One of the fun challenges of living in a small town is continually finding new locations to shot in (I have no qualms with reusing locations, especially at different times of the year, but variety is the spice of life as they say!). Tony and I recently realized that we'd never shot in front of a fountain, so on a sun-kissed afternoon in late May, we made our way down to the very splashy fountain that stands in front our town's casino.

Located right on the beach at Okanagan Lake, the aptly named Lakeshore Resort and Casino isn't a place I spend much time (I've never been one for gambling - I'd rather spend my pocket money on vintage items or craft supplies!), but it does have some lovely landscaping outside, including this fountain and so we beelined it over there and proceeded to get a very chilly shower all in the name of a fun (fabulously bokeh filled) photo shot.

This dress, a circa late 50s or, far more likely, early 60s zipper front house/day dress is one of the items that I picked up for myself last year at the renowned Canadian vintage shop Mintage, located in Vancouver (blogged about here). I pulled on the hints of lilac purple in the wee floral pattern of the dress for my choice of hats, a breathtaking light purple pillbox topped off with millinery flowers that was a treasured gift from a very dear fellow vintage loving friend a while back.

I'd not shared either of these pieces on my blog before, so teaming them up together felt all the more natural and I have to say, I really love the girly meets fabulously sophisticated vibe that they channel.

To this stylish sixties hat and frock, I added a 1950s/60s navy blue handbag, lilac hued gloves from the same time frame, sweet little modern floral earrings that look the old school part, a chunky gold tone link bracelet (also a nod to the sixties), and navy blue patent pumps. The hat and dress themselves are quite bold, so I didn't go overboard with my accessories here at all. I wanted those two pieces to be the stars of the show and for my embellishments to play supporting rolls.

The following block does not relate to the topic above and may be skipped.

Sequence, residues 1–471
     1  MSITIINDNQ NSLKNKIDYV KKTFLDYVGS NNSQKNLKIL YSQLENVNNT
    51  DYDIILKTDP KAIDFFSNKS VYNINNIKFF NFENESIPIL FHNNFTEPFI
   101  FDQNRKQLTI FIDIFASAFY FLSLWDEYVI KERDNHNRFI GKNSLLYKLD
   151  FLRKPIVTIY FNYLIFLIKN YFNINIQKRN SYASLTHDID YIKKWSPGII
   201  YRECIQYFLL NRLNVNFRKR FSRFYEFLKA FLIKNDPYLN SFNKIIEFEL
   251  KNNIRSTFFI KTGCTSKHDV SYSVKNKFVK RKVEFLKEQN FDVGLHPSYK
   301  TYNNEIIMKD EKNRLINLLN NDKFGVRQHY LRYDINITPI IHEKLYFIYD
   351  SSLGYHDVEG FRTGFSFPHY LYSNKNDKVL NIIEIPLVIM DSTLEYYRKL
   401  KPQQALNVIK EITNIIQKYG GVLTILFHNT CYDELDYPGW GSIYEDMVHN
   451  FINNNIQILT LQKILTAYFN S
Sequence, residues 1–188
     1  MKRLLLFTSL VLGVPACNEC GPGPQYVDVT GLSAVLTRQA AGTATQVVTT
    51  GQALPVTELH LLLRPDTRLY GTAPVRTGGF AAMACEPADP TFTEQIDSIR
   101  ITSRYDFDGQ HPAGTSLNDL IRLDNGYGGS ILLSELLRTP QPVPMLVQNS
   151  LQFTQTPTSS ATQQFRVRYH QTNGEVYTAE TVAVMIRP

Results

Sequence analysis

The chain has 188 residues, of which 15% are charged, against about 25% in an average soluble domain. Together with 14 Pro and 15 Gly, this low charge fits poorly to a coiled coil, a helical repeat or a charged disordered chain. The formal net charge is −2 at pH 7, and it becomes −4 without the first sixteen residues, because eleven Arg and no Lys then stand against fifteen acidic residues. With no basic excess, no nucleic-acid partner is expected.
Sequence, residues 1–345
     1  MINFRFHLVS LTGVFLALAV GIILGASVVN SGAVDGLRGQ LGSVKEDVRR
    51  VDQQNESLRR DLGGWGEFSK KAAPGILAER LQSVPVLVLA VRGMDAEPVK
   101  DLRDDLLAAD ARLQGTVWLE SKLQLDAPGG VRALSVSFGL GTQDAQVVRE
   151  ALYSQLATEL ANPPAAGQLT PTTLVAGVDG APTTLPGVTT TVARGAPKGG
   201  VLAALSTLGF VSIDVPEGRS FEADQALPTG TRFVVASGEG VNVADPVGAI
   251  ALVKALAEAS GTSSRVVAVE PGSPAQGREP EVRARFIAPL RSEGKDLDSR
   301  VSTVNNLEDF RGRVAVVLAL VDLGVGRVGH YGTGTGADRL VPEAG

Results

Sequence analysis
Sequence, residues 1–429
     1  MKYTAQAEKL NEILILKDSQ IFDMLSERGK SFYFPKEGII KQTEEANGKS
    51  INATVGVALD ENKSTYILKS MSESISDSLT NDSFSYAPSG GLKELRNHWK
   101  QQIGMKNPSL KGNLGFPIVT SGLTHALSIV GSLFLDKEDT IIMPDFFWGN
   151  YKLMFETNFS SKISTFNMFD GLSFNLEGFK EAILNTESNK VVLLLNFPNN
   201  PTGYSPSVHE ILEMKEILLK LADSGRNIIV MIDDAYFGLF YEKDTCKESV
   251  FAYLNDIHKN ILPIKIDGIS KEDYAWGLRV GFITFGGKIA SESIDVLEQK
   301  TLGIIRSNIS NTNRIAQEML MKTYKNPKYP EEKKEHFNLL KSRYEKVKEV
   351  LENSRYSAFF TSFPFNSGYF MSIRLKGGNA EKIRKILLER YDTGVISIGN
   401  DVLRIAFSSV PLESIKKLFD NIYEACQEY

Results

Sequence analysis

Though I don't go over the swinging sixties side too often, I must admit, the older I get, the more I find that deeply feminine looks from the start of the era appeal to me (as touched on in this post at the start of the year). And you know, if I happen upon more garments from that time frame that I adore as much as I do this hat and dress, you could very easily be seeing me rocking more sixties looks here every now then - though, in all likelihood, not always in front of a fountain.

It's one thing to get an icy impromptu shower when it's 25 degrees (Celsius) out, it's another entirely when there's snow on the ground! But much as with dressing outside of your usual decade(s), every now and then it's not only enjoyable, but important, to try something fresh, be it with your outfit, your photo shoot location, or both. Who knows, maybe I'll even show you guys my spin on seventies attire  one of these days! :)

*PS* Rather amazingly, a mere few days after we took these photos, a cougar wandered into town from the hills (this isn't surprising really given the vast deer population that we have on our streets here) and was humanely tranquilized (and relocated outside of town) literally just a handful of feet away from the very spot where I was standing when these photos were taken. Could you imagine what might have happened if it had shown up when we there? Yikes!